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With mortgages rates sitting at record lows, many buyers have rushed to apply and get a piece of the action. But home loan applications actually decreased 1.2% for the week ending Dec. 4, reports the Mortgage Bankers Association. That's the second week in a row we've seen a decline, which could indicate that buyers are fed up with the state of the housing market.
Buyers aren't biting
While there are great deals to be had from a mortgage rate perspective, the housing market itself is a different story. Limited inventory has caused home values to skyrocket as prospective buyers duke it out and drive prices up via bidding wars. The drop in mortgage applications could mean that buyers have finally had enough, and would rather bide their time until more homes hit the market and prices come down.
Of course, that begs the question: When will that happen? There's a good chance inventory will open up as 2021 moves along, especially if there's progress in controlling the coronavirus pandemic and the nation's economic recovery begins in a meaningful way. And fortunately, mortgage rates are likely to stay competitive for quite some time, so there's no need to rush into a home purchase right now, especially when it will likely mean overpaying.
Limited housing inventory also increases buyers' likelihood of getting stuck with sub-par properties in need of extensive repairs. Waiting for inventory to open up in 2021 could help buyers avoid that fate.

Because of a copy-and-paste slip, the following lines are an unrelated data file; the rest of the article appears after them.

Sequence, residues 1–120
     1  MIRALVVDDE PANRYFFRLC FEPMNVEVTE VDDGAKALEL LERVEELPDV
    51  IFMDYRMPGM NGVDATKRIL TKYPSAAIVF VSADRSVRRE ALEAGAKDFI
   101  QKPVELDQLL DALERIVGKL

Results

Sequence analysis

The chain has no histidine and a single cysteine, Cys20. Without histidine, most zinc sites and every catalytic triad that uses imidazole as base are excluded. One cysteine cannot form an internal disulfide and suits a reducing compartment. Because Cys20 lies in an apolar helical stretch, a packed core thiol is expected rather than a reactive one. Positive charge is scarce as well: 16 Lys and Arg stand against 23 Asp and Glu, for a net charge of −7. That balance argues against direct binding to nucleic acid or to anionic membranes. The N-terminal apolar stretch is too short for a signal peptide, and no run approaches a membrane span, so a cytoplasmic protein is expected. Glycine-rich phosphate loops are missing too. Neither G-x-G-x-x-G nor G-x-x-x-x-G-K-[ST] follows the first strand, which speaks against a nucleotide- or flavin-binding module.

Gearing up to buy in the coming year
If you're interested in applying for a mortgage, but agree that now's not the ideal time, use a delay to your advantage. First, take steps to boost your credit score if it's on the cusp of being excellent. To snag the best mortgage rates, you generally need a score in the mid-700s or above. If your score is in the lower 700s, a few smart moves -- like correcting errors on your credit report or paying down existing debt -- could help bring it up.
Next, sock away more money for a down payment. If home prices don't drop all that much in 2021, the more funds you have at your disposal, the more buying options you'll have. Plus, it's a good idea to make at least a 20% down payment on a home to avoid private mortgage insurance, or PMI, a costly premium that adds to your monthly expenses.
It could very well be the case that mortgage applications declined recently as Americans opted to focus on the holidays or deal with the raging pandemic. But it could also be that buyers are finally pushing back and refusing to overpay for homes that were worth a lot less just a year ago. If you're interested in buying a home, keep tabs on mortgage rates, but also, on the housing market. It pays to work with a real estate agent who can track listings and let you know when more options become available in your preferred neighborhood. The more choices you have, the less likely you are to overpay and get stuck with a home that's less than ideal for you.